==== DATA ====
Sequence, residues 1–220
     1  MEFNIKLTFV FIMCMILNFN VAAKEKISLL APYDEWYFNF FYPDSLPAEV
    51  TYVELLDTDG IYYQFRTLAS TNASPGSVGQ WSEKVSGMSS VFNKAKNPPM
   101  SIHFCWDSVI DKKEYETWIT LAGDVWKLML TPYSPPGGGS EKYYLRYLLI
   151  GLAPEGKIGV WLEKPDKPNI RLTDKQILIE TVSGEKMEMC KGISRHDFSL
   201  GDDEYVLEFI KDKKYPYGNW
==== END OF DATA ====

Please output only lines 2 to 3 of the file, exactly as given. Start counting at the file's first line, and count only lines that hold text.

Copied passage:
     1  MEFNIKLTFV FIMCMILNFN VAAKEKISLL APYDEWYFNF FYPDSLPAEV
    51  TYVELLDTDG IYYQFRTLAS TNASPGSVGQ WSEKVSGMSS VFNKAKNPPM